What Will California's New Fracking Bill Do?

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File photo. Energy Horizontal Gas Drilling Rig exploring the Marcellus Shale outside the town of Waynesburg, PA on April 13, 2012.
File photo. Energy Horizontal Gas Drilling Rig exploring the Marcellus Shale outside the town of Waynesburg, PA on April 13, 2012.

Groundwater contamination and air pollution are among the environmental impacts some groups worry will come from hydraulic fracturing, or fracking.

Fracking is a process that involves shooting water, sand and chemicals at high speed into rock to release the oil and gas within. Drillers have been eyeing the Monterey Shale in the Central Valley.

A bill on Governor Jerry Brown's desk would put new rules on fracking.

KQED's Mina Kim spoke with Sacramento Bureau Chief Scott Detrow, who has covered the practice for three years, and has been closely monitoring the legislation.

What would the bill do?


The biggest thing this bill does is provide information about what’s going on. Drillers have been fracking in one way or another for years in California, but the state just doesn’t have the information on where it’s happening, how much water is being used, and what sorts of chemicals are being used. Beginning in 2015, drillers will be providing that information to the state before they drill when they apply for a special fracking permit, and then after the process is complete. That information would be posted to a public website.

If you live near a fracking site, under this legislation, you will receive notice before drillers begin fracking near your property. You’ll be able to request a baseline water test, which essentially means that you’ll get a reading on what your water quality is like before the drilling take place, so that if there’s any problems after the fact you can say: "Look here’s how things were before, here’s how things are since drilling started, and I think drilling's to blame here." In a lot of other places where fracking is taking place that data simply wasn’t available, so it was hard for people to prove that it was the drilling that screwed up the water quality.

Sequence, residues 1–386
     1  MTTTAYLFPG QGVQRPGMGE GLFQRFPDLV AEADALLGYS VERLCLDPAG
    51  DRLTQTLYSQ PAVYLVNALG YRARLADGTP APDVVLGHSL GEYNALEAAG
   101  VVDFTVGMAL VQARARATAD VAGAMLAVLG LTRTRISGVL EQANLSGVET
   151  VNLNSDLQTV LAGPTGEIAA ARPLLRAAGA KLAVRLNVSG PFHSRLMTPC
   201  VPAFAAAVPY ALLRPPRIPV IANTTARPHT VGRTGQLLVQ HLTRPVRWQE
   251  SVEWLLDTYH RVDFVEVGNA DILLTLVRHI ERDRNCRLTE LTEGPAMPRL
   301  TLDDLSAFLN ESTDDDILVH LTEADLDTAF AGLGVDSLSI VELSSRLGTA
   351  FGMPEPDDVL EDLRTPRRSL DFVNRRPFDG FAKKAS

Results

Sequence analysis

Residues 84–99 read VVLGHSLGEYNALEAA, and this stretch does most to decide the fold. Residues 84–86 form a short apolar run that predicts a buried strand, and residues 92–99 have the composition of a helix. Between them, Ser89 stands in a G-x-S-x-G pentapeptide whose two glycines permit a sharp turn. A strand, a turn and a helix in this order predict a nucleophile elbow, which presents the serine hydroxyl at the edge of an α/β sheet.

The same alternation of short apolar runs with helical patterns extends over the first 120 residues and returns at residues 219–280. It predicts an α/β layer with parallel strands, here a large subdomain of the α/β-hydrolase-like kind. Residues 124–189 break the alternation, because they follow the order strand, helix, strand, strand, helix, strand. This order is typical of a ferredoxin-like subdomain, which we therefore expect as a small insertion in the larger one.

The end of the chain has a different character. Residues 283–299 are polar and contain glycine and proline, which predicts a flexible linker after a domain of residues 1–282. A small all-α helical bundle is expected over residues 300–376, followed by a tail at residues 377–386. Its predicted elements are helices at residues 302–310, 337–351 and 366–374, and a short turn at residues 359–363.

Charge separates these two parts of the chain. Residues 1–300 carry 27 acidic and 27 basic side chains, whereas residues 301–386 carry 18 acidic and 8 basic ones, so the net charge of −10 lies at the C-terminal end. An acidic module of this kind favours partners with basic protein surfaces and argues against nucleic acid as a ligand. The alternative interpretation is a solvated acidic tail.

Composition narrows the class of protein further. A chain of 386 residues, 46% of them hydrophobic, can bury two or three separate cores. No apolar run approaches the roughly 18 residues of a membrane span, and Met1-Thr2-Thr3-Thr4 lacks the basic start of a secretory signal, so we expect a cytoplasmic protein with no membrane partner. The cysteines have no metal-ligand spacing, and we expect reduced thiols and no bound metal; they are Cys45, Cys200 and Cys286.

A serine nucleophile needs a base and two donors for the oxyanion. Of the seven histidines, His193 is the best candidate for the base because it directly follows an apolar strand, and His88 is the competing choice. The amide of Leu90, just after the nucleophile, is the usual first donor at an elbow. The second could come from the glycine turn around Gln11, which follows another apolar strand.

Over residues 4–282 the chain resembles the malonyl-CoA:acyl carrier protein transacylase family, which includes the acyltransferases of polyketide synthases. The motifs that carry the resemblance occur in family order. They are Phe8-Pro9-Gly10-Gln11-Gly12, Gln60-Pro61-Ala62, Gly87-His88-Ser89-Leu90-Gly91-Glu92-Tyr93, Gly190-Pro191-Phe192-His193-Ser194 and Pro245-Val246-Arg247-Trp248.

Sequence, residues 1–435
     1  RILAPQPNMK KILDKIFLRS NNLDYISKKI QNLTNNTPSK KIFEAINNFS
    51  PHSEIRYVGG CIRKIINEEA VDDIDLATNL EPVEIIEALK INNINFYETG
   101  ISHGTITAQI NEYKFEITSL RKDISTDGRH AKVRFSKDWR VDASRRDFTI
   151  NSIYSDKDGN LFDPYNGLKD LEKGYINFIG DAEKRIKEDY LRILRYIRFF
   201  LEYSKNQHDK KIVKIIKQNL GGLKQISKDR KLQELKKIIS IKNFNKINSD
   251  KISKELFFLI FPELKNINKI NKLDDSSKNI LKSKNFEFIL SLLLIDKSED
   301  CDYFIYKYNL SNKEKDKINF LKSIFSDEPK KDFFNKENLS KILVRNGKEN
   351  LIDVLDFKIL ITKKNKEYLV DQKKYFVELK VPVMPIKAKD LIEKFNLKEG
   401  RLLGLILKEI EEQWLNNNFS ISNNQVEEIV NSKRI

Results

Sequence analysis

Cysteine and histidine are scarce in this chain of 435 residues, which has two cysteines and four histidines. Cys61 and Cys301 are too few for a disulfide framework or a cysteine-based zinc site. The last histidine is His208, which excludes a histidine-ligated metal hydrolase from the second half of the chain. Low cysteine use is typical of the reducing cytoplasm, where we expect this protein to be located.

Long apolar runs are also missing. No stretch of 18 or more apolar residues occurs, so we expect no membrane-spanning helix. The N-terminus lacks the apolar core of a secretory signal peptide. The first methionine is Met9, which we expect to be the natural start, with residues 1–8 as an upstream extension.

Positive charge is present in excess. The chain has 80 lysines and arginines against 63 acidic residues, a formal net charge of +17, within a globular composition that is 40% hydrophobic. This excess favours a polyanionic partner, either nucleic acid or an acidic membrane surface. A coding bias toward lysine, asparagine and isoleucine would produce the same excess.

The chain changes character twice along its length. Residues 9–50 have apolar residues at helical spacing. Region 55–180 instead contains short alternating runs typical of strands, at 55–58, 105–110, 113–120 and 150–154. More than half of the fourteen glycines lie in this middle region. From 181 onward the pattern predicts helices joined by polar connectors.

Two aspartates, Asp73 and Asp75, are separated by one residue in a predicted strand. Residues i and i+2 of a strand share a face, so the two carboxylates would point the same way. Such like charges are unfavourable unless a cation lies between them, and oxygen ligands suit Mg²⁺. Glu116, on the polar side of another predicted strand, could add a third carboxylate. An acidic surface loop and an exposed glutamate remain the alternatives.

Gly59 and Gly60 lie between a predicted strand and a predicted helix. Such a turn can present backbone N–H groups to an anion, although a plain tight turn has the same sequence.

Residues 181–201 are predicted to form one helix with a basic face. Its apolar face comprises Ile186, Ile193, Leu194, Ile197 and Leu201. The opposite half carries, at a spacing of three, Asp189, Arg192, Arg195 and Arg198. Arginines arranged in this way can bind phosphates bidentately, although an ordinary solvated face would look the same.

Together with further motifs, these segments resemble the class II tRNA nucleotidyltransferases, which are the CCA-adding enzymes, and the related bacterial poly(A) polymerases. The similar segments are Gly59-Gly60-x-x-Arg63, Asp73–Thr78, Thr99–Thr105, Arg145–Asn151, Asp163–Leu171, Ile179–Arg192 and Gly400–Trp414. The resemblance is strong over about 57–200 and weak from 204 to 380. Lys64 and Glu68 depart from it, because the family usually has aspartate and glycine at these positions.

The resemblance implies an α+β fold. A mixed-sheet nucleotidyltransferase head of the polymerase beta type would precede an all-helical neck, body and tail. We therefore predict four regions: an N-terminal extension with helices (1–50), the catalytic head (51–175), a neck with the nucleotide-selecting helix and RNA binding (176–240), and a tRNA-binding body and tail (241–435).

The bill would be enforced through fines. Drillers can face up to a $25,000 fine for each specific violation they put in place, per day.

Why are some environmental groups upset about the bill?

Environmental groups in the state were pushing for a complete moratorium on fracking.

Why is the energy industry upset about the bill?

The Monterey Shale is difficult to drill in. It’s broken up, and it’s segmented due to all the seismic activity that happens in California. So drillers have found that the best way to get to this oil may not be fracking, but instead sending acid underground, essentially using it to melt down the rock so they can get to the oil. So, when the bill expanded to not just cover fracking, but to cover acidizing as well, drillers really pushed back. In their mind acidizing is just part of the drilling process that they’ve been going through for years.

What's next?

A spokesman for Governor Brown has said that Brown intends to sign the measure.

Note: Activists with Californians Against Fracking are planning on holding a protest  in San Francisco Friday afternoon outside of Gov. Jerry Brown's meeting with  Chinese officials, where a memorandum of understanding is being signed on an agreement to address climate change.